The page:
Pro-solar policies could be key in forthcoming Australian election, poll finds

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When Australians go to the polls on July 2 to vote in the 2016 Federal Election, the presence of pro-renewable policies in parties’ manifestos could prove pivotal, according to a recent survey.

Carried out by Reachtell on behalf of a coalition of environmental groups – including Greenpeace, 350.org, Environment Victoria and the Australian Conservation Foundation – the poll of 2,400 eligible voters found that 64% of those surveyed would be likely to back a party with plans for 100% renewable penetration.

The poll also found that the majority of voters – 56.1% – are in favor of policies to phase out the nation’s coal-fired power stations. The survey canvassed opinions from 25 seats across the nation, including Prime Minister Malcolm Turnbull’s seat in Wentworth, which currently ranks second-last in terms of solar PV uptake.

Across Australia there are now more than 1.5 million households equipped with some form of distributed solar energy, which suggests huge public support for the technology. And with every Australian citizen compelled to vote in the forthcoming election or face a fine, such an upswell in pro-solar attitudes could prove decisive.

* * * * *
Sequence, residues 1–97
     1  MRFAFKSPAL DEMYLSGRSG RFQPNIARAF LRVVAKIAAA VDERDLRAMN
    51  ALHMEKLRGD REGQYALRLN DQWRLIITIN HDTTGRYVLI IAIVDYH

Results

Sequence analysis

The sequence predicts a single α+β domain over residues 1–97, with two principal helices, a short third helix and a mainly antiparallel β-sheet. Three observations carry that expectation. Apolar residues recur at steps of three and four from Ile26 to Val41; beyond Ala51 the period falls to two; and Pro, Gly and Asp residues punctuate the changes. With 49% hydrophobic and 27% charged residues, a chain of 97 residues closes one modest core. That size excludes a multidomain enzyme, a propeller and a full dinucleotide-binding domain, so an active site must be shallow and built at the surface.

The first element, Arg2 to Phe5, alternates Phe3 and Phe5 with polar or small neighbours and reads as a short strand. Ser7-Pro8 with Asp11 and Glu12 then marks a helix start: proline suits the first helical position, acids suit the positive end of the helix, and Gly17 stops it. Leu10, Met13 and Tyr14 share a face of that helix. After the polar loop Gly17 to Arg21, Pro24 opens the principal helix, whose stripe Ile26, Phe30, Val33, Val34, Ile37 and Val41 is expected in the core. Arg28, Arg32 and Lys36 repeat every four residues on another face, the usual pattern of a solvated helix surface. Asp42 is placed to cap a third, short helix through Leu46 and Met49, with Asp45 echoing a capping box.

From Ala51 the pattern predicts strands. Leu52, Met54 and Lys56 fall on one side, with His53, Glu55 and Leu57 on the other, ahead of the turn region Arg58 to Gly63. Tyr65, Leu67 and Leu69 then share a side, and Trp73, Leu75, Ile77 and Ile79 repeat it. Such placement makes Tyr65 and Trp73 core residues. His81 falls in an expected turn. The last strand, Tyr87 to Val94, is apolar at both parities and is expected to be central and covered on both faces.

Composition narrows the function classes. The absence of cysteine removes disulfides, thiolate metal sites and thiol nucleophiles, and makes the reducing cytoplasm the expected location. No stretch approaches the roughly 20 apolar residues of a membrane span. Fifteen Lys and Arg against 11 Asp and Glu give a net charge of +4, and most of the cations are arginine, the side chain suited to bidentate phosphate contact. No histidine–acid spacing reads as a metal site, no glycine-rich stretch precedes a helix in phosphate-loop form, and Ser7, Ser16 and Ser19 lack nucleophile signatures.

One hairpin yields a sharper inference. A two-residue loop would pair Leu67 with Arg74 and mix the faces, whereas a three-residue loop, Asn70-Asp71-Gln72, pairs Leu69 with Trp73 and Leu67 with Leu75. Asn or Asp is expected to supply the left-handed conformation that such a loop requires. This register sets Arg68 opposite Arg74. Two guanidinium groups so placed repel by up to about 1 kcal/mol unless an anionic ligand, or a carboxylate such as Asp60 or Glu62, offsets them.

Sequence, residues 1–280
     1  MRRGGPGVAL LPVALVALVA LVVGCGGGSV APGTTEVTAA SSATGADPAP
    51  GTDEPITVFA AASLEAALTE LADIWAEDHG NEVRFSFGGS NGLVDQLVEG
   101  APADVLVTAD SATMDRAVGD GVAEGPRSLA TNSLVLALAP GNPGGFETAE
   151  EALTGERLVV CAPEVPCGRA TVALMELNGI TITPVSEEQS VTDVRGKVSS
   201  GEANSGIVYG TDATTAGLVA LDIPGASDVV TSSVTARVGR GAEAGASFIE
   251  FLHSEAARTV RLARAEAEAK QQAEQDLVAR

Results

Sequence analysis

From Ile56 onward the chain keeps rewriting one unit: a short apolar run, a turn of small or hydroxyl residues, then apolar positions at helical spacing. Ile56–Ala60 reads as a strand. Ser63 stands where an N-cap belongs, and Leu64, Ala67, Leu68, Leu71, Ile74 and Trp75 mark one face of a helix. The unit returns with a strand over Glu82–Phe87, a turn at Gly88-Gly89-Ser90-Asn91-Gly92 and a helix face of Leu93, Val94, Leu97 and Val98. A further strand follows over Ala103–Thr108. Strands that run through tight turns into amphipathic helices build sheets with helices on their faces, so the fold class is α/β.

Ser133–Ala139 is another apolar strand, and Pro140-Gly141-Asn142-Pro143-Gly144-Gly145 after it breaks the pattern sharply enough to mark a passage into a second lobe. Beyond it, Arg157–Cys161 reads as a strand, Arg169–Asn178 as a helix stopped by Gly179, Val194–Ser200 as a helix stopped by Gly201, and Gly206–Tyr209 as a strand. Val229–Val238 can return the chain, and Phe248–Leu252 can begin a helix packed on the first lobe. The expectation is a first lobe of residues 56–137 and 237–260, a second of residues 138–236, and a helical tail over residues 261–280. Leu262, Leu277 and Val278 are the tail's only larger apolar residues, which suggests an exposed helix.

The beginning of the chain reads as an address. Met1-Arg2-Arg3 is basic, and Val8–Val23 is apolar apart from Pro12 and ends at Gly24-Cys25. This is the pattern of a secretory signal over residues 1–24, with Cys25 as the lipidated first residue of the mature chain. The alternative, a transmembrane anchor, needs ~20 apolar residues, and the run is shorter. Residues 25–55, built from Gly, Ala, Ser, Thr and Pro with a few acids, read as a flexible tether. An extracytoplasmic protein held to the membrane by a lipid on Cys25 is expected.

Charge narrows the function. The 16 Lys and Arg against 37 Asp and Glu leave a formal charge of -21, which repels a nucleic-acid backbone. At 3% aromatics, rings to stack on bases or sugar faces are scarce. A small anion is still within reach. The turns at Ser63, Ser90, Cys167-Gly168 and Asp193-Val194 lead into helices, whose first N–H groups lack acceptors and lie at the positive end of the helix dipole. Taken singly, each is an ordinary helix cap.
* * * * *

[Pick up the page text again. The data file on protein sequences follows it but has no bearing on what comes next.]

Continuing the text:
"The transition to 100% clean, renewable power is happening now – without strong policies that support an orderly transition Australia will miss out on our $800 billion slice of the global renewables investment boom," warned Claire O’Rourke, national director of Solar Citizens, an organization dedicated to promoting the adoption of solar energy in Australia.

"Australians are already voting with their feet… and we are confident that people will express their support for solar and renewable energy at the ballot box."

The forthcoming election is likely to be a decisive moment in Australia’s clean energy movement. Even under the conservative Abbott government, solar rates grew massively in the country, and a recent Solar Citizens poll also indicated that 63% of voters would back a party that would push for solar panels to be installed on every suitable building nationwide.

Environment Victoria CEO Mark Wakeham has welcomed surveys such as these, remarking that the public mood reflects conversations they have been having within the industry. "Voters in key Victorian seats like Deakin and Dunkley are absolutely ready for the next Australian government to begin phasing out coal burning power stations and embrace a renewable energy future," he said. "It is time both major parties caught up with where the community is at."

The incumbent Prime Minister, Malcolm Turnbull, has made no secret of his support for clean energy in the past, despite heading up the inner-city Sydney seat of Wentworth, which languishes just off the bottom of the country for residential PV uptake.